India Gives In To Pakistani Demand On Kartarpur Corridor Over Sikh Sentiments

India announced that it was ready to sign the Kartarpur Corridor agreement with Pakistan on October 23 – three weeks ahead of the 550th birth anniversary of Guru Nanak Sahib.

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The announcement from Delhi comes when Pakistan has invited Indian Deputy High Commissioner Gaurav Ahluwalia to join other Islamabad-based diplomats to visit the Line of Control and see the ground situation there with their own eyes. The guided tour [of diplomats] has been arranged by the Pakistan Army and the Foreign Office.

While Pakistan neither reacted nor made public the logistics involved while signing the Kartarpur Corridor agreement, it is understood that like the earlier meetings the historical agreement will be signed either at the Zero Point of Wagah border or the Kartarpur border.

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Pakistani PM Imran Khan would inaugurate the facility on the scheduled date as construction work has entered the final stage. The inauguration of Kartarpur Corridor would coincide with the birth anniversary celebrations of founder of Sikhism Baba Guru Nanak.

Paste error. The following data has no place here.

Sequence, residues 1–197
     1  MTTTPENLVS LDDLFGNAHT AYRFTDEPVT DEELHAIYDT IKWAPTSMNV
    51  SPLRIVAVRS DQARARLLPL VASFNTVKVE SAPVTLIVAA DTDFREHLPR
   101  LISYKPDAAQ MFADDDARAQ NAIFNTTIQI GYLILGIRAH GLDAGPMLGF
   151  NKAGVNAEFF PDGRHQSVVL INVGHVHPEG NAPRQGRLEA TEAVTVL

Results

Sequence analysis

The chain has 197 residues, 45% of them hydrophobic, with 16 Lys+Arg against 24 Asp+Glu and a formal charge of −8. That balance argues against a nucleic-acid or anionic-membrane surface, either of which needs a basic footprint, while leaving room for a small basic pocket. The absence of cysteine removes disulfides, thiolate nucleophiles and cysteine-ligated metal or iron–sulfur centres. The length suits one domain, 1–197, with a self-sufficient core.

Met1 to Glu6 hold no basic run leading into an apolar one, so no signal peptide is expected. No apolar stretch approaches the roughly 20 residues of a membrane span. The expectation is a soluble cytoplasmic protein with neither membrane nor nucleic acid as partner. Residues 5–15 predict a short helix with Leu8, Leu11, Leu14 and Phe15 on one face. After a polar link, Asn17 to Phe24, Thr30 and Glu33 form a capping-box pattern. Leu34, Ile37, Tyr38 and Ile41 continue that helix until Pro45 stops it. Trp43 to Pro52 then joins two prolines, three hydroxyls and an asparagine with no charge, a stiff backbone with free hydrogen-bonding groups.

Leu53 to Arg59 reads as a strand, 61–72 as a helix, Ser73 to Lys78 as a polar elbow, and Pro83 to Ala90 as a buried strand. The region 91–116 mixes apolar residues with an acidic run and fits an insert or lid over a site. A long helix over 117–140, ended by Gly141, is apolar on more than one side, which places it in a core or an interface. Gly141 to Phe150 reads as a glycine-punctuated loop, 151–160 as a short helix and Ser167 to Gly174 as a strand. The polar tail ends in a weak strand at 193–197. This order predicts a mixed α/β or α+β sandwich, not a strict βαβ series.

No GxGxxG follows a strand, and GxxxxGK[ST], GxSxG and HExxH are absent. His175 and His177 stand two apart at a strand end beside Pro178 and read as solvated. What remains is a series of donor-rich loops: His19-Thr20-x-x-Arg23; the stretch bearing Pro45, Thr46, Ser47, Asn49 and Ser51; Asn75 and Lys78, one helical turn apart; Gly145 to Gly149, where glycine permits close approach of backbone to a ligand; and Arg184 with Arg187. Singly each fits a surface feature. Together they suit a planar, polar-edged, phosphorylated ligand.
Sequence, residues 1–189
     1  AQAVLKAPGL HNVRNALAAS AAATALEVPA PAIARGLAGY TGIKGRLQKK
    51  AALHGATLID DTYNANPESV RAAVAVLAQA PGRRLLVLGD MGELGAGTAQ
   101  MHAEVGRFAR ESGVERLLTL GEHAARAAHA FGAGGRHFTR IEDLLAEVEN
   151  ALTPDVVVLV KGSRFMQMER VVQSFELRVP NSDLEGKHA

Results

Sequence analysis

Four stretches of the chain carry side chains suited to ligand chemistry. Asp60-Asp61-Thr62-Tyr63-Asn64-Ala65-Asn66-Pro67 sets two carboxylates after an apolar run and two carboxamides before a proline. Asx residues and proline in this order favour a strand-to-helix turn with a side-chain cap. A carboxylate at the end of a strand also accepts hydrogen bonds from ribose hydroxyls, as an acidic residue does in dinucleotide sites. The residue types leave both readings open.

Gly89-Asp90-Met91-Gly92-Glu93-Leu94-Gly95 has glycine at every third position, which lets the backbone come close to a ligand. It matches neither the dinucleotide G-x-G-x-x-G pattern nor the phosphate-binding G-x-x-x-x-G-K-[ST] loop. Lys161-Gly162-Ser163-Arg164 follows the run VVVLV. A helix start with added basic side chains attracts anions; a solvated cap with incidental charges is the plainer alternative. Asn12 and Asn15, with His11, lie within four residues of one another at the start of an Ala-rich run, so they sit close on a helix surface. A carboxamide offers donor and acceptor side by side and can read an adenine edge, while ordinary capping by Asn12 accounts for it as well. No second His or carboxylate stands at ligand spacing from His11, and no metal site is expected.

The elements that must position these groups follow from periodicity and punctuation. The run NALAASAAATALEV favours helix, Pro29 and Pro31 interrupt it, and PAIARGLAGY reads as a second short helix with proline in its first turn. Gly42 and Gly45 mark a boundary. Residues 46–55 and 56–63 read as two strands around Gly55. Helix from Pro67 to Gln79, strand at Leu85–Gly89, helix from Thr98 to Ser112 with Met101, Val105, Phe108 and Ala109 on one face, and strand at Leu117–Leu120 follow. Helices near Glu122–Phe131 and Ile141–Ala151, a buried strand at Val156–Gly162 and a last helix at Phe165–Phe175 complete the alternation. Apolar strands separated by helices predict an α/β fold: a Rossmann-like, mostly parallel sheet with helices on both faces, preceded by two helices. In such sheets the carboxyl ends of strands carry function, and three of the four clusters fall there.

“Pakistan is all set to open its doors to Sikhs from all across the globe,” the PM wrote. “The world’s largest Gurdwara will be visited by Sikhs from across India and other parts of the world,” he said.

Khan said the Kartarpur Corridor will be a major religious hub for the Sikh community. “(It) will boost the local economy (and) result in earning foreign exchange for the country creating jobs in different sectors including travel and hospitality.”

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Despite all-time low in bilateral relations, the inauguration of Kartarpur Corridor was one issue where both sides cooperated and ensured that there would be no delay. One of the sticking points in signing the agreement was the reluctance of the Indian government to make it mandatory for Sikh pilgrims to pay $20 as entry fees.

Pakistan handed the final draft of the proposed bilateral agreement over to India on October 11 and also accepted New Delhi’s demand to allow devotees of other faiths – Hindus, Christians, Zoroastrians etc – to visit the site.

New Delhi on Monday maintained its reservations about the $20 per pilgrim fee proposed by Pakistan but will be going ahead and signing the contract.